Monday, June 25, 2012
“Let’s play a game! Awe you weddy? Who’s undo my bed?” I yelled out as I jumped up and down on my “big-girl bed”, flailing my blue Beatrix Potter themed bed sheets, causing tiny cyclones amongst the coloring books and assorted messiness sprawled on the floor.
“Nobody.” Julie answers. Such a Julie answer, always years ahead of herself.
“Awe, come on, just twy an’ guess.”
Julie slowly knelt down, hesitantly peeked under my bed and replied with an expressionless freckled face, “A shoe.”
I’m now aggravated beyond belief. She’s not my friend anymore. I’ll never talk to her again, ever, if she doesn’t try to guess. “Guess a name. Anybody’s name.”
“Nooooooooo! It’s Steve Moutain! Steve Moutain is undo my bed!”
I, of course, was referring to my future husband, at least in my dream world of a brain, who’s poster hung over the head of my bed. In his dapper white suit, black tie and handkerchief, and unforgettable green and yellow rubber trout slightly poking its head out of the lapel, he was cupping his hands together, mouth open, as if genuinely exclaiming, “There you are! I’m so happy to see you!” In fact, that is exactly what I imagined him to be saying every time I entered my octagonal shaped bedroom and looked at him hanging there on the wall, so comforting, so loyal, so safe.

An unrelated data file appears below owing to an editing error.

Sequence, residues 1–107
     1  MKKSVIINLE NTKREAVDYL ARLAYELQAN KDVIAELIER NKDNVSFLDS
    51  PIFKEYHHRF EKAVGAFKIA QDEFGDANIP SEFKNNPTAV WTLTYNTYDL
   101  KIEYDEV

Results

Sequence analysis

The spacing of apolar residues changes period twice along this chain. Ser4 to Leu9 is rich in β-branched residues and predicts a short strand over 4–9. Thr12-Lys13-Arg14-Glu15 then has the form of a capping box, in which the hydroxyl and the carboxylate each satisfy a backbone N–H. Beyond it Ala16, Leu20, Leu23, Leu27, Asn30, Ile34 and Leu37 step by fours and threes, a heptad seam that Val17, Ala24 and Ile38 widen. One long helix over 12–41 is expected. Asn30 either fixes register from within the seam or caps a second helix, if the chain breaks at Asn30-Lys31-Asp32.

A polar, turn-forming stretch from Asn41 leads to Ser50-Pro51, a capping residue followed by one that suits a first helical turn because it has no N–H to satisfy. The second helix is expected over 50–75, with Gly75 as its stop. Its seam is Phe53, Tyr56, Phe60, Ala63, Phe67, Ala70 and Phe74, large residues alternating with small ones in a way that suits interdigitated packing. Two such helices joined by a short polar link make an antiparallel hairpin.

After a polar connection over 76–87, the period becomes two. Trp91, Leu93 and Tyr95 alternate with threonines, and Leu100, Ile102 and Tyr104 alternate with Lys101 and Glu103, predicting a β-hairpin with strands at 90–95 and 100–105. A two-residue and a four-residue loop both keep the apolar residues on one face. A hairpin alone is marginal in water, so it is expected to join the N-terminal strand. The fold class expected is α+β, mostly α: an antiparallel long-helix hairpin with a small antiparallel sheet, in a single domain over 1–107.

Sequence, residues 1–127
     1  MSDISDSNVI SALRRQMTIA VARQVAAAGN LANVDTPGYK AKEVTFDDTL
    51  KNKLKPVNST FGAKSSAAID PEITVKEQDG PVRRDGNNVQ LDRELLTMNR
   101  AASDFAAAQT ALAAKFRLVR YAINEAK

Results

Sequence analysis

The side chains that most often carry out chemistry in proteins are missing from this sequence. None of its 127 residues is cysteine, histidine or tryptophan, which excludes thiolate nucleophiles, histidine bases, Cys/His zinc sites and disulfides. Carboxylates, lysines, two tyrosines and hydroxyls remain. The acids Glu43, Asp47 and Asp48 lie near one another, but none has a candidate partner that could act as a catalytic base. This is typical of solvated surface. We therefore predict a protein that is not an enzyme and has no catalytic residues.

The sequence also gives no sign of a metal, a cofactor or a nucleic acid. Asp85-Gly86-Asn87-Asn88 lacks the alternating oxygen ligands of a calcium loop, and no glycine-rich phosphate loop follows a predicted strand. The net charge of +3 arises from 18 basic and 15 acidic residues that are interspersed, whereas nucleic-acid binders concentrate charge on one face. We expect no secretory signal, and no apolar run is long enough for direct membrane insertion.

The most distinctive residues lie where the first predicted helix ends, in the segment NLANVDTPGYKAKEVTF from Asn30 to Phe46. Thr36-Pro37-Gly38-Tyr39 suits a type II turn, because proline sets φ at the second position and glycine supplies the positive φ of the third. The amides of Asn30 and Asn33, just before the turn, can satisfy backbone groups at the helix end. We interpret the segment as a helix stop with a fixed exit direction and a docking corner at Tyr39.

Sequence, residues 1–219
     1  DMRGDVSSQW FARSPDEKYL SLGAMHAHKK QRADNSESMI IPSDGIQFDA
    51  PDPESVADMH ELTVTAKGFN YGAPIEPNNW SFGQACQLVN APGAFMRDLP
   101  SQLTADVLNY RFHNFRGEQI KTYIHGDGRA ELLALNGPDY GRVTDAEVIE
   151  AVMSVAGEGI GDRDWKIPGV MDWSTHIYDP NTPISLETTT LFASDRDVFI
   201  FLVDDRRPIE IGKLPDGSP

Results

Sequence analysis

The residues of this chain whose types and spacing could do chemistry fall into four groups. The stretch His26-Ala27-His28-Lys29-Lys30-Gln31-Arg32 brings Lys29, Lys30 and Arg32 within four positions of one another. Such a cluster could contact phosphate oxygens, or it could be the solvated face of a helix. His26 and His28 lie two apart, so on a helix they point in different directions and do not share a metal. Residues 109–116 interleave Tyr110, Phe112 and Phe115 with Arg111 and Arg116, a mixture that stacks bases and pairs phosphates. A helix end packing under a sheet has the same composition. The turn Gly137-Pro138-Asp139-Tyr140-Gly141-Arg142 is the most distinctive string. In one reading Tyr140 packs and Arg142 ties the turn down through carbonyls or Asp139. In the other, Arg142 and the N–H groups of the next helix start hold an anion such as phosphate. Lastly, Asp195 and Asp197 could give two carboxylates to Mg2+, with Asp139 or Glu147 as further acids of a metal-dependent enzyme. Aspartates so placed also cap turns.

“Who’s Steve Mountain?”
It wasn’t until second grade when I insisted on properly pronouncing the word “fart” that I’d begin to pronounce my “r’s” like a real-live human being from planet earth. I couldn’t fault her for mistaking “Martin” for “Mountain” (although, I believed the choice should have been quite obvious).
“It’s not Steve Mountain. It’s Steve Moutain. He’s behind me on the posto! I’m a Wiiiiild and Cwayzay Guy!” My earliest celebrity impersonation, performed unrestrained to no avail.
Julie, apparently, had never seen Saturday Night Live, which was not an optional viewing choice in our home. It was a requirement. I don’t know what kind of standards they were operating on in her home, but I certainly was not impressed. Steve had hosted SNL an unprecedented seven times by the time I turned five, just enough times for an obsessive child to become, well, pretty obsessed with him. He’d also had a cameo in Jim Henson’s The Muppet Movie (another obsession of mine), playing an insolent waiter. I sometimes wonder if I attached to Steve as I would have my real father, who disappeared when I was three.
This was my first time allowing anyone into my little “Steve Moutain” secret world, although thankfully, Julie was such a logical thinker, even at three, it seemed my strange choice in sleeping partner passed right over her sophisticated little head, never to be mentioned again. I blushed uncontrollably - a characteristic I, to this very day, have never gained control of.